Cc: Eric Biederman <ebiederm@xmission.com>
      Cc: H. Peter Anvin <hpa@zytor.com>
      Cc: Matthew Garrett <mjg59@srcf.ucam.org>
      Cc: Greg Kroah-Hartman <greg@kroah.com>
      Cc: Dave Young <dyoung@redhat.com>
      Cc: WANG Chao <chaowang@redhat.com>
      Cc: Baoquan He <bhe@redhat.com>
      Cc: Andy Lutomirski <luto@amacapital.net>
      Signed-off-by: default avatarAndrew Morton <akpm@linux-foundation.org>
      Signed-off-by: default avatarLinus Torvalds <torvalds@linux-foundation.org>
      de5b56ba
  15. 07 Aug, 2014 1 commit
    • Luis R. Rodriguez's avatar
      printk: allow increasing the ring buffer depending on the number of CPUs · 23b2899f
      Luis R. Rodriguez authored
      
      
      The default size of the ring buffer is too small for machines with a
      large amount of CPUs under heavy load.  What ends up happening when
      debugging is the ring buffer overlaps and chews up old messages making
      debugging impossible unless the size is passed as a kernel parameter.
      An idle system upon boot up will on average spew out only about one or
      two extra lines but where this really matters is on heavy load and that
      will vary widely depending on the system and environment.
      
      There are mechanisms to help increase the kernel ring buffer for tracing
      through debugfs, and those interfaces even allow growing the kernel ring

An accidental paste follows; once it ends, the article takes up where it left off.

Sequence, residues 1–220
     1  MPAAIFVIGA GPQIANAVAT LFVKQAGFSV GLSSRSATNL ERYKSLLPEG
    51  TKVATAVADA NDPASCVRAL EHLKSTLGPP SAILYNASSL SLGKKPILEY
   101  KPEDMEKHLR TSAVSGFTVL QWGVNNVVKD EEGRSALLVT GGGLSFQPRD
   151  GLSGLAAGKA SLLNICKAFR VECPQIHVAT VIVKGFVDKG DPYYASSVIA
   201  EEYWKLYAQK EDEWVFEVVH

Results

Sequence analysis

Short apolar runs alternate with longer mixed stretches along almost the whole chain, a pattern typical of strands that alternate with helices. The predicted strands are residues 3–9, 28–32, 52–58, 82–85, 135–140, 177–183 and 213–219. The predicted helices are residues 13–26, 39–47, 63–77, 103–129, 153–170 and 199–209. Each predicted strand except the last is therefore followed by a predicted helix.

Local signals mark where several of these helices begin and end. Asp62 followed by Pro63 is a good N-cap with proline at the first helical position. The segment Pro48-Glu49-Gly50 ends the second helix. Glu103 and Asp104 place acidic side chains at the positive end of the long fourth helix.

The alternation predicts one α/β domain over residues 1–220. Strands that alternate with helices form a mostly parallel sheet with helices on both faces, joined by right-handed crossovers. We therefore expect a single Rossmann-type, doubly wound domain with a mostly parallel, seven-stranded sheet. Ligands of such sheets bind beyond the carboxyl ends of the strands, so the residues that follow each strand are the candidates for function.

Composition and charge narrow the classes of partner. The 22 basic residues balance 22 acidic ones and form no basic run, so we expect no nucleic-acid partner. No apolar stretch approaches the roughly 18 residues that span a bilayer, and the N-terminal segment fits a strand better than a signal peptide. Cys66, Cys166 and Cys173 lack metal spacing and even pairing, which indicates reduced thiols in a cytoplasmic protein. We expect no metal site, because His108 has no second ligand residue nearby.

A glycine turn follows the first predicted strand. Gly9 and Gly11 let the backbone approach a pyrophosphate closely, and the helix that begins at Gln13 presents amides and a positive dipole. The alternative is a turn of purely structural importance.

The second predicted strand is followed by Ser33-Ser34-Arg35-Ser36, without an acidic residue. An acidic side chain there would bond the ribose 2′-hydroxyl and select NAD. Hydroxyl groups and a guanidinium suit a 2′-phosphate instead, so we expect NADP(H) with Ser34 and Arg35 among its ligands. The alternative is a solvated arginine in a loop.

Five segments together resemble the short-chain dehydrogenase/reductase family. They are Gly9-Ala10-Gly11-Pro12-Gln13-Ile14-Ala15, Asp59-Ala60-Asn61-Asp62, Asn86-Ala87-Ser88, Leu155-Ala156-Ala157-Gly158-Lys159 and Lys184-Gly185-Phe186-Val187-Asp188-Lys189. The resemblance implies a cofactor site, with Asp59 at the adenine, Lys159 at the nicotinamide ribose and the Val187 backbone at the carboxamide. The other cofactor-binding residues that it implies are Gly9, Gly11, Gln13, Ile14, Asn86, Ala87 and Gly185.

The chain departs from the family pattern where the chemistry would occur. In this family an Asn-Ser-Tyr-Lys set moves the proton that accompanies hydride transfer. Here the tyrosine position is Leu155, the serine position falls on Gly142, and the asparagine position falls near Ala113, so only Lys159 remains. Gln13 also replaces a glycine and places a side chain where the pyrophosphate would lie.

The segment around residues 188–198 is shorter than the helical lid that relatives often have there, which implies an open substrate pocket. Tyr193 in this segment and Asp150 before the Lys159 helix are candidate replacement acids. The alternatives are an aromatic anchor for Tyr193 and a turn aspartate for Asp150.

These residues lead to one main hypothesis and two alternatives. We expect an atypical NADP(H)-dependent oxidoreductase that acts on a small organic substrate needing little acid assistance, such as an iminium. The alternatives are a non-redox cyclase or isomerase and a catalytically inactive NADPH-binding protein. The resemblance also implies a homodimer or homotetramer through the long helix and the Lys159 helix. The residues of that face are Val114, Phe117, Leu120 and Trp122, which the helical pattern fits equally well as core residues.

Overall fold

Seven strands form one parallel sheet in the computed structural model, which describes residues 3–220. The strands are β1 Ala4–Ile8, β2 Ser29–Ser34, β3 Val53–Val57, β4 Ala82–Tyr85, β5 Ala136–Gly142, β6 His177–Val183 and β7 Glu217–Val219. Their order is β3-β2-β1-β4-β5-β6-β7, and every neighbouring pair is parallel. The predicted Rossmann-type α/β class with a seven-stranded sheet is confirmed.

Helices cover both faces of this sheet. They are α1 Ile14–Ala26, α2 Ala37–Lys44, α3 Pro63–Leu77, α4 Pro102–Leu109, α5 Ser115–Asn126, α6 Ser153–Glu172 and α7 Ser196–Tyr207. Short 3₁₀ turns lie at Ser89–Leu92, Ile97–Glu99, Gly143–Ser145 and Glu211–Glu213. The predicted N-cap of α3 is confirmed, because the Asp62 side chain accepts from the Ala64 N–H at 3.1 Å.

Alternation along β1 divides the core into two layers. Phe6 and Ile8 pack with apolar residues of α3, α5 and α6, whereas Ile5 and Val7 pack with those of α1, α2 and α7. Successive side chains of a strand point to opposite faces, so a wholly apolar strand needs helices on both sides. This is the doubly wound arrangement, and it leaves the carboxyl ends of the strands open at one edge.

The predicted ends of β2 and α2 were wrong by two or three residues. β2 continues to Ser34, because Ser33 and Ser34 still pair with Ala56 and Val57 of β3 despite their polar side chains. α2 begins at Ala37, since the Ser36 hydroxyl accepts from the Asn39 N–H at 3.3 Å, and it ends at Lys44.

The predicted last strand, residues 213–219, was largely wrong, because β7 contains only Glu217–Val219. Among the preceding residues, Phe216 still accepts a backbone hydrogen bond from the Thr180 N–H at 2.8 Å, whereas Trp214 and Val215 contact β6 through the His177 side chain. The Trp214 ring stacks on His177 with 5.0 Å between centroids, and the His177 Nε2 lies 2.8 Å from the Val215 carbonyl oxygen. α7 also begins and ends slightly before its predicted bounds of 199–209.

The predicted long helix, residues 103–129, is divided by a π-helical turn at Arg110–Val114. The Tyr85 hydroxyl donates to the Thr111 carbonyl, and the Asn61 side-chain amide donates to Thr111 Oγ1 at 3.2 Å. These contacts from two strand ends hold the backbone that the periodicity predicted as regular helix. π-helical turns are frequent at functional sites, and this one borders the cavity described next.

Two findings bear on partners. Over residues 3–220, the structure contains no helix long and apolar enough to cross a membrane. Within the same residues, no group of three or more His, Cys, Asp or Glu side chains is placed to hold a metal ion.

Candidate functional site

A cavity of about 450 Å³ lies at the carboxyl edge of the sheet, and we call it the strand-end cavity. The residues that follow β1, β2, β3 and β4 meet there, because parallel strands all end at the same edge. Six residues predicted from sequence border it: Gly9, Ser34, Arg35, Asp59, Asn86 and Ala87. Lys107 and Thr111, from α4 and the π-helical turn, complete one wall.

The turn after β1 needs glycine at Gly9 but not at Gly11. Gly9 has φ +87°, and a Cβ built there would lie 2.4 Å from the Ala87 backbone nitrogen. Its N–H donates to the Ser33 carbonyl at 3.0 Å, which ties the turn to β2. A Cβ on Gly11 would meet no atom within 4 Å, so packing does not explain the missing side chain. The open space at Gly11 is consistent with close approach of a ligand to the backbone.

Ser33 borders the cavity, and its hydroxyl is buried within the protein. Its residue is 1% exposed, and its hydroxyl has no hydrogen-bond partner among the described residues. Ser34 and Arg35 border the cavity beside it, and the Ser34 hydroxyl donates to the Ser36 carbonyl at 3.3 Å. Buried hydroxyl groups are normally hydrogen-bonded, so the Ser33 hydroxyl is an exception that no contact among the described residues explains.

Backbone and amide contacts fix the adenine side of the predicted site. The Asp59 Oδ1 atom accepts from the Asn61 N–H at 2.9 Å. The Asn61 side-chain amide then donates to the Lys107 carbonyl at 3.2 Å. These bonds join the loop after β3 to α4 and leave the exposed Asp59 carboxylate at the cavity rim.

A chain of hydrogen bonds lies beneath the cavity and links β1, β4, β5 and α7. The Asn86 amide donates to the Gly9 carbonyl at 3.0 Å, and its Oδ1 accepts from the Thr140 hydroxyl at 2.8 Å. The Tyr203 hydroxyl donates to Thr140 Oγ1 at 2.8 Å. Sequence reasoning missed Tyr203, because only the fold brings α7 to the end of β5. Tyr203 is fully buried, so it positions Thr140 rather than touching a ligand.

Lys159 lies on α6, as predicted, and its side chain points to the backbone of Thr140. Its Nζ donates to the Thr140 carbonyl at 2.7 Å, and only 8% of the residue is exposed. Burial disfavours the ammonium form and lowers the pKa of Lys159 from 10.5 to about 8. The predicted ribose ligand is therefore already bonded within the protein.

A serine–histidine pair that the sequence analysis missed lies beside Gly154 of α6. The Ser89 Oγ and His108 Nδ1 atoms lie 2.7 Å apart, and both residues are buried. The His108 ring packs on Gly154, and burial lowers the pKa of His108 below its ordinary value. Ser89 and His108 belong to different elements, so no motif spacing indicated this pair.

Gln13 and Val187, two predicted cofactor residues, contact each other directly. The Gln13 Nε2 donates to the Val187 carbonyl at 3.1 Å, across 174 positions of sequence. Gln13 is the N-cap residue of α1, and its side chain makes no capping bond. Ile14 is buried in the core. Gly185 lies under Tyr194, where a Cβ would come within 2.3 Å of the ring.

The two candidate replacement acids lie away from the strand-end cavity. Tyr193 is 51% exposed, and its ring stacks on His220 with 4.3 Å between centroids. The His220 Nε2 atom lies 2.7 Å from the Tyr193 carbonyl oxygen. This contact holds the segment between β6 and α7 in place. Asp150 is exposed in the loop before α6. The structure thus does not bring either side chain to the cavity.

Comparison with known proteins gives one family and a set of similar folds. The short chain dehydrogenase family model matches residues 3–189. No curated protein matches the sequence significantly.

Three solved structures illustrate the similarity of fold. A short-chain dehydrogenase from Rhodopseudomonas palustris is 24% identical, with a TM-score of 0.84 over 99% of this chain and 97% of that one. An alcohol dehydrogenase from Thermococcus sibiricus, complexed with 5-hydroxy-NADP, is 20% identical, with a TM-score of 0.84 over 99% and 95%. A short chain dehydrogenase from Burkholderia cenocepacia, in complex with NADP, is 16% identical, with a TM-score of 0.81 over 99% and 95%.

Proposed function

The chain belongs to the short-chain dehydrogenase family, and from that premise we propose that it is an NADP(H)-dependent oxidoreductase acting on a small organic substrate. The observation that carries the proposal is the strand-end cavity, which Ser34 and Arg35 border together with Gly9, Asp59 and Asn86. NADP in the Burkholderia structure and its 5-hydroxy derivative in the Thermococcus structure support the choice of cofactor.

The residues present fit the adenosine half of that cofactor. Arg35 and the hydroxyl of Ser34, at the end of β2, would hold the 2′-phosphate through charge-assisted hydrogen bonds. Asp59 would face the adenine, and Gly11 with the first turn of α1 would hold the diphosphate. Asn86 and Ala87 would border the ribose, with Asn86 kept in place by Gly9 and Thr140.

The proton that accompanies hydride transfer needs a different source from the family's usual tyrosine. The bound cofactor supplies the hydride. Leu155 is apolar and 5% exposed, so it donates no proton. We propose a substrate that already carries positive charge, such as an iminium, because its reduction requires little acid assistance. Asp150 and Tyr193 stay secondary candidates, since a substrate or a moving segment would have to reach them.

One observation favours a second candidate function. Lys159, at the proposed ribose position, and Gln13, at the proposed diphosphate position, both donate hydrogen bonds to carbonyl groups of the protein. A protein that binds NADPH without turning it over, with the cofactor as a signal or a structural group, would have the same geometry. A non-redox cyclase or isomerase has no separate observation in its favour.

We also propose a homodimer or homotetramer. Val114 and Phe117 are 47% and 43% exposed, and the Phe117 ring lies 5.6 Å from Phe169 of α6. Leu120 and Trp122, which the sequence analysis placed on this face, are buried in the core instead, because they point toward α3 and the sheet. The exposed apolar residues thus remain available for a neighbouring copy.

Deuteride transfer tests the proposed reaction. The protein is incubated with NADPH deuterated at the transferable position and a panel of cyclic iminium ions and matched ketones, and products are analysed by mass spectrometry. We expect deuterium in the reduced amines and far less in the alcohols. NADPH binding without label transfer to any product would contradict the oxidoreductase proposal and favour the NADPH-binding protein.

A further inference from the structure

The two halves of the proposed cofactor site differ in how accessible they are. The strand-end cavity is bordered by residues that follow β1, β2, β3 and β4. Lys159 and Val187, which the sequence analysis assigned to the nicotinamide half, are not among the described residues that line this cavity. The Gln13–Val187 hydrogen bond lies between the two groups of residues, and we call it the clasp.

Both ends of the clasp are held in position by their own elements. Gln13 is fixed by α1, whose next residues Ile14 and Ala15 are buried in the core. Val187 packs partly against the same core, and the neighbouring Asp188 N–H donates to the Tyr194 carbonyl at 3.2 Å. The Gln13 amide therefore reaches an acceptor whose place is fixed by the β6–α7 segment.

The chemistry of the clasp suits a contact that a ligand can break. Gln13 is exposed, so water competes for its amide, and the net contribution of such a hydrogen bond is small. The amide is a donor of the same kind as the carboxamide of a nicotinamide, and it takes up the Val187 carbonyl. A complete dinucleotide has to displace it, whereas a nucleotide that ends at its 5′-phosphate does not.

buffer per CPU.  We also have a static value which can be passed upon
      boot.  Relying on debugfs however is not ideal for production, and
      relying on the value passed upon bootup is can only used *after* an
      issue has creeped up.  Instead of being reactive this adds a proactive
      measure which lets you scale the amount of contributions you'd expect to
      the kernel ring buffer under load by each CPU in the worst case
      scenario.
      
      We use num_possible_cpus() to avoid complexities which could be
      introduced by dynamically changing the ring buffer size at run time,
      num_possible_cpus() lets us use the upper limit on possible number of
      CPUs therefore avoiding having to deal with hotplugging CPUs on and off.
      This introduces the kernel configuration option LOG_CPU_MAX_BUF_SHIFT
      which is used to specify the maximum amount of contributions to the
      kernel ring buffer in the worst case before the kernel ring buffer flips
      over, the size is specified as a power of 2.  The total amount of
      contributions made by each CPU must be greater than half of the default
      kernel ring buffer size (1 << LOG_BUF_SHIFT bytes) in order to trigger
      an increase upon bootup.  The kernel ring buffer is increased to the
      next power of two that would fit the required minimum kernel ring buffer
      size plus the additional CPU contribution.  For example if LOG_BUF_SHIFT
      is 18 (256 KB) you'd require at least 128 KB contributions by other CPUs
      in order to trigger an increase of the kernel ring buffer.  With a